I'm not even going to comment on Harold, Sr's statement except to say I disagree with it. As recent elections have proven by the numbers, voters are not simply going with brand names. As for my 9,000 votes that supposedly insured the loss, what about Comm. Bolton's 8,053 votes that also insured the loss? I have never heard anyone say a 4th place finisher deserved to win an election.

That the voters were both confused and frustrated can be seen in the election return totals by precinct. For example, all the voters who cast their ballots in the Tennessee Senate, District 33 race live in the 9th Congressional District. This race pitted indicted incumbent Kathryn Bowers (who won) against three opponents. In that race, an average of 454 voters per precinct cast their ballot. By comparison, in the ninth district race, only an average of 360 voters per precinct cast ballots. This prompted one observer who spoke in anonymity to comment, “People would rather vote for someone who might be going to jail than for one of those turkeys who sold us out.”

Did you ever consider the fact that some voters did not like ANY of the candidates? Why did so few people and organizations officially ENDORSE someone for the campaign? I will give your paper credit for endorsing someone, because most people did not.

But none of the African-American candidates in this race (myself included) separated themselves from the other African-American candidates. Everyone blended into the pack. If any candidate had done so, then he/she would have emerged as the consensus candidate of the voters without the need for some secret cabal selection . No one did that, so everyone thought they had a legitimate chance of winning the race. Despite the best thoughts, in this race, the voters chose Sen. Cohen.

Now, back to Ford — why was he in the race? Could his presence in the race have been (as some have suggested) for the purpose of helping insure a Steve Cohen victory thus rendering him (Cohen) subject to being a “one-term congressman.” That is, a white congressman vulnerable to defeat by an African American in 2008.If this was the plan, it (although shameful) makes good political sense. It would have been much more difficult for a Ford to defeat a sitting African American congressman representing the 9th in 2008. Or perhaps Ford was trying to help the independent candidate (his cousin, Jake Ford)? Who knows.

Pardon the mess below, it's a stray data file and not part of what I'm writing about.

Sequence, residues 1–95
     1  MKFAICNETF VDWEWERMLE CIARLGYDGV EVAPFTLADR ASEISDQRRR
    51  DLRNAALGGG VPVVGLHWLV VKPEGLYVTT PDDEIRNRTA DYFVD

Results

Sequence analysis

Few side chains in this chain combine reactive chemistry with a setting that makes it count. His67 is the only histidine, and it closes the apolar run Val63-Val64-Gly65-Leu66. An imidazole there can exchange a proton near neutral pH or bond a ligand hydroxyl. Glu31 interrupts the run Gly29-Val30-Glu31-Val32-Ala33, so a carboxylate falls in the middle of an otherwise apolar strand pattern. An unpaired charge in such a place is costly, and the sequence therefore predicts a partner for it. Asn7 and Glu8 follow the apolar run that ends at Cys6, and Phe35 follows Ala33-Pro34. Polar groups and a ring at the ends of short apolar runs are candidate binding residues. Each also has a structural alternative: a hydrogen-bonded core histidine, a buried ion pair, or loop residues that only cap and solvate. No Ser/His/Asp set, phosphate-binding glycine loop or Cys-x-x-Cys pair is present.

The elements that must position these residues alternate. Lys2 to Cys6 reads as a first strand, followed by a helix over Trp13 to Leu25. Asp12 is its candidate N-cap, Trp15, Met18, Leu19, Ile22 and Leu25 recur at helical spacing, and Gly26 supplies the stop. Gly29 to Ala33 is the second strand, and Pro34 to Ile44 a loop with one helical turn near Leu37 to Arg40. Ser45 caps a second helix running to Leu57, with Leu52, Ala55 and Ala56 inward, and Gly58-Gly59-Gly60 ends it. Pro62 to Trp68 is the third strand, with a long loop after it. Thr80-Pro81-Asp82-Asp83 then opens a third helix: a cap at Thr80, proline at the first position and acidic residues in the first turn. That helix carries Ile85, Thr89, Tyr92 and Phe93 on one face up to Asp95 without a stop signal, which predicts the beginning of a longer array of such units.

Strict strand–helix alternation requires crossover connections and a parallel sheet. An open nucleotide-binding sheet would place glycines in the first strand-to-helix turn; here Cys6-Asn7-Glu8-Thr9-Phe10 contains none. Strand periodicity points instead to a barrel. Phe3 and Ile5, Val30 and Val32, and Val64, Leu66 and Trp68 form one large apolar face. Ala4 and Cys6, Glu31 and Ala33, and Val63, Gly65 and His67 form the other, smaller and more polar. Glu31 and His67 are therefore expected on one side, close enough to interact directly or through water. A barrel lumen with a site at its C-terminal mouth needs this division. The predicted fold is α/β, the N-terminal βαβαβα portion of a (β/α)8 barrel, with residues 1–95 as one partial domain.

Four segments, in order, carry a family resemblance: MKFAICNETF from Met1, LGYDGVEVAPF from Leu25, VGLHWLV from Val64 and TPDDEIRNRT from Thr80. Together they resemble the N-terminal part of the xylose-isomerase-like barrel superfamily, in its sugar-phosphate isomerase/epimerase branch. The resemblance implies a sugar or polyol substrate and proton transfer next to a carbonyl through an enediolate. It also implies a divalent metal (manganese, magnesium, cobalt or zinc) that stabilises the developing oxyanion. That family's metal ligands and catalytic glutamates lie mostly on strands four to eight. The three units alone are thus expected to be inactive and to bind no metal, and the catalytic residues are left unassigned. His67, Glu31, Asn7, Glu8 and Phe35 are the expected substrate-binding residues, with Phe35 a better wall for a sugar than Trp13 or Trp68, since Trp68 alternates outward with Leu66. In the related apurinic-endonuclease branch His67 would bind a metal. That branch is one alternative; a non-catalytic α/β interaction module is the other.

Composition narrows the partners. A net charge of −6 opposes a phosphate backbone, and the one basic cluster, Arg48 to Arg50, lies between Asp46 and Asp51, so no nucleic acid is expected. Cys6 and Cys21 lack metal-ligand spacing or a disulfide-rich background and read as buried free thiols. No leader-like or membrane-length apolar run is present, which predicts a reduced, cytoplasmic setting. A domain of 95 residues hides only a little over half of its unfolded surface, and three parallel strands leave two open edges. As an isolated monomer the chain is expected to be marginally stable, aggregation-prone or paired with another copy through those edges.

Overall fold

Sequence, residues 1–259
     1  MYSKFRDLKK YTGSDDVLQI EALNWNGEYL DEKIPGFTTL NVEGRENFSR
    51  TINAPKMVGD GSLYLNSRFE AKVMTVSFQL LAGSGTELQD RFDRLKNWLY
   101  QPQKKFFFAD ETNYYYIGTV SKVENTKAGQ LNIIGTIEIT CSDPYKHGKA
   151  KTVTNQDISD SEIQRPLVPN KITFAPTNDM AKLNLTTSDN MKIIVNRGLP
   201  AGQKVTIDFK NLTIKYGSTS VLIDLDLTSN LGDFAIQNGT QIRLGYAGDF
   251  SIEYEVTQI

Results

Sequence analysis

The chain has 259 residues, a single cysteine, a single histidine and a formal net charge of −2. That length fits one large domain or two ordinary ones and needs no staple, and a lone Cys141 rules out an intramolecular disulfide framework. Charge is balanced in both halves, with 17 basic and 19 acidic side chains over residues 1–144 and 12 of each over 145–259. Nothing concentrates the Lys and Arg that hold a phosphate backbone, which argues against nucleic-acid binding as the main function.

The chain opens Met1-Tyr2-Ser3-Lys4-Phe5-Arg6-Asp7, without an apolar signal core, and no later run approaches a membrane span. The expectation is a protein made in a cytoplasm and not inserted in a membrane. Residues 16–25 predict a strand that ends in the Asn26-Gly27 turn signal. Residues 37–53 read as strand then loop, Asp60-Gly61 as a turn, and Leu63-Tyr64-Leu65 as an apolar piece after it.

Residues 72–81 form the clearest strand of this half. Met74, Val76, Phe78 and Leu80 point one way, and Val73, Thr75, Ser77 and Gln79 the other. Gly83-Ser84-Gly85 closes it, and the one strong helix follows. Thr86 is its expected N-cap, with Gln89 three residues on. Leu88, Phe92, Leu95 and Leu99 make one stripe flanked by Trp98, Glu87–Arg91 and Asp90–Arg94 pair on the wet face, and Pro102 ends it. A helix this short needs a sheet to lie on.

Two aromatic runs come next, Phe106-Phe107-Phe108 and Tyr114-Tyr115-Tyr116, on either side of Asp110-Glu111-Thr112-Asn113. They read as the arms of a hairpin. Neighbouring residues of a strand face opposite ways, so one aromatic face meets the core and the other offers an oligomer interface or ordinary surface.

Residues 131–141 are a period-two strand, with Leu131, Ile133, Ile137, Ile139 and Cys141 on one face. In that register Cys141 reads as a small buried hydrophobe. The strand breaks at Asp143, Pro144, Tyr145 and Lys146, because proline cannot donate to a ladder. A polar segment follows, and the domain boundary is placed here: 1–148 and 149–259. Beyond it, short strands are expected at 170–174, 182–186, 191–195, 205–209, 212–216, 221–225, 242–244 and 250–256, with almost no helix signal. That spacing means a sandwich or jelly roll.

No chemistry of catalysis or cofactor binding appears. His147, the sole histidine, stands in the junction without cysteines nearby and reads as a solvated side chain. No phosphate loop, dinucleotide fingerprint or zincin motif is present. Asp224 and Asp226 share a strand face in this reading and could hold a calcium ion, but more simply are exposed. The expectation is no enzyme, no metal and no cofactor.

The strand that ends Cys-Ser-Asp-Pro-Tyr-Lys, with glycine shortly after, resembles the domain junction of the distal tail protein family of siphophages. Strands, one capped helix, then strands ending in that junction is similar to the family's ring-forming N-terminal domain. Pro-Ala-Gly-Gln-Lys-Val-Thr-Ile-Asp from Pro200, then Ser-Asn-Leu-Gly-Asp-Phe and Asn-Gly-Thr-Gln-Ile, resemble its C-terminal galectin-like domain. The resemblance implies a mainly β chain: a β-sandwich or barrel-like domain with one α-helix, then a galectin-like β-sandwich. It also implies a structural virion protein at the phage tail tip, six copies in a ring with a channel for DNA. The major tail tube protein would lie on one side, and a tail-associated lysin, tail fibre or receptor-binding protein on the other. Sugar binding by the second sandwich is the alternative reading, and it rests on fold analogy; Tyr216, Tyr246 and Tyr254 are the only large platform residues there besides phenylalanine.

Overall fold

That sounds really good - if you're talking about the plot in a fictional prime-time soap opera called Memphis Blues. There was only one plan in my campaign and that was to win the election. While there will likely be others in this political game who may utilize the results of my actions, I had no ulterior motives or grand plans for conquest when I entered this race.

Shamefully, what we just witnessed in the 9th Congressional District election was either an intentional or an oblivious disregard of the purpose of American representative government.

The purpose of American representative government is ensure that all people have a voice in the government. And when all people stated their choice, like it or not, more people wanted Sen. Cohen than any other candidate. Sen. Cohen could not have won this election without receiving a good number of African-American votes.

Joe Ford, Jr.
August 28, 2006

2 comments:

Robert Wennagel said...

I find it disconcerting that the Tri-State Defender has unwittingly fallen back on the idea that there can only be one HNIC, and all other African-Americans should merely fall in line behind him/her. Maybe the TSD should consider the idea that African-Americans can be as diverse in their political opinions and motivations as white politicians.

JSF said...

I agree. TSD's thought that all African-Americans should fall into line behind one candidate takes the choice and vote away from the people. We might as well live in a communist state where there is only one candidate on the ballot. No matter what one candidate would have been "selected," I can almost guarantee that there would have been some people upset.